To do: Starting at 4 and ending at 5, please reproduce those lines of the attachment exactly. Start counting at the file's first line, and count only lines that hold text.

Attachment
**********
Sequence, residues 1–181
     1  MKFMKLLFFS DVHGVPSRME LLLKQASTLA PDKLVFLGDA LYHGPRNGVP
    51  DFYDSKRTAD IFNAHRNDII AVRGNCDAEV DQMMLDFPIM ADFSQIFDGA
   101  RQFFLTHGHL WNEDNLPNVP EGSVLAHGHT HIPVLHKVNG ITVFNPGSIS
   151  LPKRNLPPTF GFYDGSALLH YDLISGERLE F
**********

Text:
   101  RQFFLTHGHL WNEDNLPNVP EGSVLAHGHT HIPVLHKVNG ITVFNPGSIS
   151  LPKRNLPPTF GFYDGSALLH YDLISGERLE F